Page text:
The True Blues Guitar: Fender or Gibson?

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Gibson VS Fender Blues Guitar
Gibson VS Fender Blues Guitar
True Blues?

Celebrated guitar greats who have been closely tied to the blues are famous for using Fender and Gibson instruments.

Jimi Hendrix, whose recorded anthology includes the posthumous 1994 album, Jimi Hendrix: Blues, on the MCA Records label, and Muddy Waters, known as the Father of Chicago Blues, equally popularized Fender instruments.

Jimmy Page, from the essential electric blues based Led Zeppelin, along with legendary Allman Brothers Band guitar duo Dickey Betts and Duane Allman, were famous for using Gibson Les Paul’s. Given these influential artists all earned significant places in pop music history, which is the true blues guitar, Fender or Gibson? Will the true blues guitar please stand up?

Fender Stratocasters and Telecasters

The guitar most often associated with Buddy Guy, Eric Clapton, Robert Cray and many other contemporary blues men is the same one favored by Texas axe slinger Stevie Ray Vaughn, the solid body Fender Stratocaster. Additionally, pop culture is filled with iconic images from the 60s and 70s of virtuosos like Jimi Hendrix and Jeff Beck, stars who blazed trails on Olympic white “Strats”.

Perhaps it’s the capacity of the Stratocaster’s neck and frets that easily facilitate string bends and trilling or maybe it’s the curvaceous ergonomic feel of the double cut away body type that has made this a favorite with so many notable musicians. Whatever the reason, since 1954 the Stratocaster has been a proven success, especially within the modern blues tradition.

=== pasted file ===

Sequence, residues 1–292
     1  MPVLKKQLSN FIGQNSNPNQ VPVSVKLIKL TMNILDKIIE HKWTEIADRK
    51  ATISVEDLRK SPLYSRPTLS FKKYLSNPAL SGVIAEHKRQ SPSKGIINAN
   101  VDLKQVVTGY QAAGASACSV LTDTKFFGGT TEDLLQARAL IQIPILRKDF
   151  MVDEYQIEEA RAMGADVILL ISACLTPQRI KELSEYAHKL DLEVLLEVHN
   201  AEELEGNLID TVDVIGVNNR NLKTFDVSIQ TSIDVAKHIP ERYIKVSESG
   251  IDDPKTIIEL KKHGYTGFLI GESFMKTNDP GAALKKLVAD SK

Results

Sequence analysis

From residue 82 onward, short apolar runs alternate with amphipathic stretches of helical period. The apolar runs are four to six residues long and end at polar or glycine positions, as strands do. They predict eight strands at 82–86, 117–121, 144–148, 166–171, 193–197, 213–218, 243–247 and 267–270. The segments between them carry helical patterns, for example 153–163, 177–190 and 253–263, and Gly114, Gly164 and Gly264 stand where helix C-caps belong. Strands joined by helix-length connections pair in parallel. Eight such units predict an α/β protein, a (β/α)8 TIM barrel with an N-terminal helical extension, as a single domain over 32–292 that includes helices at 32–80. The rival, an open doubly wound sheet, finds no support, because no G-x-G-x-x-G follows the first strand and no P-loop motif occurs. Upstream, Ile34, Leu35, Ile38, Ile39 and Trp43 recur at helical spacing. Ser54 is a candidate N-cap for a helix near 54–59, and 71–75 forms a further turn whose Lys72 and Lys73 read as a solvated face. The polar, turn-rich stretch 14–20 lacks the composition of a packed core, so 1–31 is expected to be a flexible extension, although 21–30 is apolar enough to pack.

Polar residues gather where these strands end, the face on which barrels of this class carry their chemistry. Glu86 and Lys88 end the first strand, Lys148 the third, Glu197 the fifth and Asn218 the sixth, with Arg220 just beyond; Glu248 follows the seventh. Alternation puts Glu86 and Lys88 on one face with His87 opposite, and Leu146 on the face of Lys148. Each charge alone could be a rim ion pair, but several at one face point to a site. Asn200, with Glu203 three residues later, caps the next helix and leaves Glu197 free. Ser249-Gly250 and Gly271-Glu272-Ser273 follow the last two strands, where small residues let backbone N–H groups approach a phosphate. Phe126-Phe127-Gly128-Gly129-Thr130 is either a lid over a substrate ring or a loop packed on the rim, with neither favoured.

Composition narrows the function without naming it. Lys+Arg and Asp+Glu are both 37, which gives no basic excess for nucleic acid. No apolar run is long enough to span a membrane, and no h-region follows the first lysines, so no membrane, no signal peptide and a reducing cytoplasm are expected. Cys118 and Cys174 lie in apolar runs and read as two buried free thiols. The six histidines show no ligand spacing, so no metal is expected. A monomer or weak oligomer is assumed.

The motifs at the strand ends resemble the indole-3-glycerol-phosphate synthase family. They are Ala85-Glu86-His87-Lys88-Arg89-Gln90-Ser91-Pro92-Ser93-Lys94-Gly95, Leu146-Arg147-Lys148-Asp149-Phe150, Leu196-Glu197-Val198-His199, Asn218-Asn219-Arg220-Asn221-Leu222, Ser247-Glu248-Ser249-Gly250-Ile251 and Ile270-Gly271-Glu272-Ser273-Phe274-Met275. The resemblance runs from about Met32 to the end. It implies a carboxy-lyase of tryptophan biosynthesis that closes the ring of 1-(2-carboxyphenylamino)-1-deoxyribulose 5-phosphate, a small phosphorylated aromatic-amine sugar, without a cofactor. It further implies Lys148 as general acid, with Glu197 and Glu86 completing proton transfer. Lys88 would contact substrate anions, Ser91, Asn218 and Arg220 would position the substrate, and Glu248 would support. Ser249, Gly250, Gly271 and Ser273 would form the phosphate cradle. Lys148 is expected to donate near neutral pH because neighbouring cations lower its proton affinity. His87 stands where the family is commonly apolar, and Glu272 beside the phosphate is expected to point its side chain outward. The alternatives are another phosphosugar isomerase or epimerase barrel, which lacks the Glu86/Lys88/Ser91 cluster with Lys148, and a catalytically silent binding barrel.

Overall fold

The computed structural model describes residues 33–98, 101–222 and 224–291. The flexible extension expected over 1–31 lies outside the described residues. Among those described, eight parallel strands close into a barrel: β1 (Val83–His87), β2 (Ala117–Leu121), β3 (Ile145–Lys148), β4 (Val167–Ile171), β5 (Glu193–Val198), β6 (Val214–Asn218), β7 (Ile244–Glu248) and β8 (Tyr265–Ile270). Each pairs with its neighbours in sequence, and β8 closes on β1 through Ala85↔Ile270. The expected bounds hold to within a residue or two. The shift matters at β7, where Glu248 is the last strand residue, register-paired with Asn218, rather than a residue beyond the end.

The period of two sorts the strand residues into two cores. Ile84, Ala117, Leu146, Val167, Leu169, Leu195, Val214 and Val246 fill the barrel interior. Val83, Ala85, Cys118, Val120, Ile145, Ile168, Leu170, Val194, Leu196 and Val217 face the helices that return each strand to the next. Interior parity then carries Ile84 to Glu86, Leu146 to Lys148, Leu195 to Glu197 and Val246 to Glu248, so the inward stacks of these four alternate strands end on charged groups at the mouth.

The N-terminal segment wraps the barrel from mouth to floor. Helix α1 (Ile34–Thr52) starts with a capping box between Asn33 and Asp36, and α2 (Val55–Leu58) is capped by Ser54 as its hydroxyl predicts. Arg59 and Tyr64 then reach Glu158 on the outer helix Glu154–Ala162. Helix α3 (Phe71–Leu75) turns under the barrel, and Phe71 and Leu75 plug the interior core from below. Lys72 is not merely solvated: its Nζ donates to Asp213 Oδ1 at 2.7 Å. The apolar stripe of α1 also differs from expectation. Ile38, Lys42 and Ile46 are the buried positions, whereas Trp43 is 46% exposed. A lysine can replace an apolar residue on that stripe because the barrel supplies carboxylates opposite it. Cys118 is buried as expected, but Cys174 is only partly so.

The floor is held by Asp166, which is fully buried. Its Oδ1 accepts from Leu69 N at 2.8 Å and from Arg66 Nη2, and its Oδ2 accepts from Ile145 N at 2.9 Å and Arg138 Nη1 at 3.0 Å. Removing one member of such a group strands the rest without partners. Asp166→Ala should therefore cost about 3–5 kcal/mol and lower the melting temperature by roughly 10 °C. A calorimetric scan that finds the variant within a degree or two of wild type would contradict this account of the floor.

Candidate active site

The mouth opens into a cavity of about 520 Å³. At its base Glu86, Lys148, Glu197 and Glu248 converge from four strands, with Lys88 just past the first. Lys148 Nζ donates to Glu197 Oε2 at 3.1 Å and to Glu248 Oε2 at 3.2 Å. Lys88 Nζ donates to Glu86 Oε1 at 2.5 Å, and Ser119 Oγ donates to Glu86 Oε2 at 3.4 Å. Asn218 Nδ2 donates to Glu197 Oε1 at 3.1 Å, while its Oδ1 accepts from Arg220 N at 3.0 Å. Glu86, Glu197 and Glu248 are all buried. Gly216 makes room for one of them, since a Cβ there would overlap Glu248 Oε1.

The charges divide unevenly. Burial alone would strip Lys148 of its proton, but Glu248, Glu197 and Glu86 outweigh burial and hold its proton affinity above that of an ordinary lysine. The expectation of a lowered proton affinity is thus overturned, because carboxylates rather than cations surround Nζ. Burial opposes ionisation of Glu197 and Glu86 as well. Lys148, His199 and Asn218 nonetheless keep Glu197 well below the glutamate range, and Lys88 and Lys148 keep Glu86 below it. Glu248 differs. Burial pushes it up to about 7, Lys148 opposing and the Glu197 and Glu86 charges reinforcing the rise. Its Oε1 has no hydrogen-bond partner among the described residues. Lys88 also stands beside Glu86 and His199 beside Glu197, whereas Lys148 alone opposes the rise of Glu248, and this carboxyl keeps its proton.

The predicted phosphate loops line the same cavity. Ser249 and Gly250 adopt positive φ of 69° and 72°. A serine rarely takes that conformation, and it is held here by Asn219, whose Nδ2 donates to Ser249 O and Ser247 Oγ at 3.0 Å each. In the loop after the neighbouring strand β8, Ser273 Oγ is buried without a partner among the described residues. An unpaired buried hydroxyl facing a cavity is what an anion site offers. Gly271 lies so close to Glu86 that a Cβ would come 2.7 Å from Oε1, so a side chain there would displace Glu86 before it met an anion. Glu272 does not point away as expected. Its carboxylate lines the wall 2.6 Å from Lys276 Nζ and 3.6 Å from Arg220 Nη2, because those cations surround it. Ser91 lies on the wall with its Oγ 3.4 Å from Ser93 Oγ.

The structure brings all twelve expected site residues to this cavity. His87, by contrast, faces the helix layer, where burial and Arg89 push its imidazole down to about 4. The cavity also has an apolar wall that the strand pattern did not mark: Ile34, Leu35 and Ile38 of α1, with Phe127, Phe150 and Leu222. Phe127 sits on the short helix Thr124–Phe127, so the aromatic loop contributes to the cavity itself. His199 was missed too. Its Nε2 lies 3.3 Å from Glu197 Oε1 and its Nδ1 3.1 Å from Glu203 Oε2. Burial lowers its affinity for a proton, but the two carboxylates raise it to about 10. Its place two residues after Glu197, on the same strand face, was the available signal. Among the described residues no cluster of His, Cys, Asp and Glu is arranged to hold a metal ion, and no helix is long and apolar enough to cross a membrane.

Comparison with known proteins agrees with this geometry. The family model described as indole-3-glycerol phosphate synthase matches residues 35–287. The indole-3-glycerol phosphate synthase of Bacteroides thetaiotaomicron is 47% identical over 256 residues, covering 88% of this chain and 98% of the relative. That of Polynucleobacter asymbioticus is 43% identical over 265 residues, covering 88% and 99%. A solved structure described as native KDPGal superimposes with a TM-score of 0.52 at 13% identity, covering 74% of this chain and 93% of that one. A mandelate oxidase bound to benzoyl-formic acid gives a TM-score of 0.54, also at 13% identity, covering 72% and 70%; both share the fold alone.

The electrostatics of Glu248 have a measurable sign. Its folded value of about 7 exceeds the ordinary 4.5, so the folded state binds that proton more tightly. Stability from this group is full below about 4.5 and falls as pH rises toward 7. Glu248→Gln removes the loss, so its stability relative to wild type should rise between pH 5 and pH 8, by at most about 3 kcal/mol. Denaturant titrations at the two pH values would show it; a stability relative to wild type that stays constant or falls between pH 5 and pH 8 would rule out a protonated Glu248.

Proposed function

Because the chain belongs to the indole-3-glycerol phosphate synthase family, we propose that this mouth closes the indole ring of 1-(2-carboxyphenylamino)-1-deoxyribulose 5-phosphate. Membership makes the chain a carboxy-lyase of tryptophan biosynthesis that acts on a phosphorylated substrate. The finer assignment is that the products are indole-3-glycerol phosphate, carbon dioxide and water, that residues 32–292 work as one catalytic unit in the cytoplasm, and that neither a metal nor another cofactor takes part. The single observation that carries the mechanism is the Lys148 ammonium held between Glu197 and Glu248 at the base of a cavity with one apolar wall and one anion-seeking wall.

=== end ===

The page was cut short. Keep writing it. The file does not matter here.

The Telecaster is another Fender product with a legacy, partly because Muddy Waters used one while laying down a solid foundation for rock and roll. Waters played a Telecaster when Mick and the boys heard his moving “Rolling Stone,” prompting them to give their band its iconic name.

Muddy Waters restrung his Telecaster for slide work and Keith Richards preferred a modified five string version, evidence of Fender’s versatility. The prominent twang of the solid body Telecaster, its neck and bridge pick-ups and the distinctive “ashtray” saddle has attracted an assortment of significant artists since the guitar first became available in 1950.

Gibson Les Paul’s and the ES-355

When British legend Jimmy Page performed with Led Zeppelin, he was regularly seen with a Les Paul. Where Muddy Waters used a Telecaster for slide guitar, Duane Allman employed a Gibson for his brilliant open E chord string runs.

First sold in 1952, untold professionals have been drawn to the Les Paul for its range of warm textured tones and extreme playability, including the late Mike Bloomfield. The Gibson website explains:

To most guitar and blues aficionados, Michael Bloomfield was more than just a renowned, big-city blues guitarist. A session player who was weaned on Chicago’s legendary south side blues, Bloomfield forever altered American-based blues with his bold and passionate guitar playing and he did it all while strumming a 1959 Gibson Les Paul Standard.

Conversely, the one and only “Beale Street Blues Boy,” B.B. King, one of the greatest guitar players of all time, has always chosen a semi-hollow body Gibson ES-355, also known as “Lucille.” Initially sold in 1955, the dual humbuckers and chambered body offered King a sweet acoustic quality, vastly different than the solid Stratocaster or Telecaster and an established element of his compelling style.

Accessibility to these fine Fender and Gibson instruments won’t be easy on the wallet. Then, there’s the type of amplifier to use, depending on the desired sound, both key issues to reckon with when in search of the true blues guitar.

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Paul Wolfle

As a vintage and contemporary music enthusiast, guitars dominate Paul’s life. He plays slide in open tunings on a National Steel Tricone resonator and electric blues, in standard tuning, on an assortment of other instruments including his white Fender Stratocaster.

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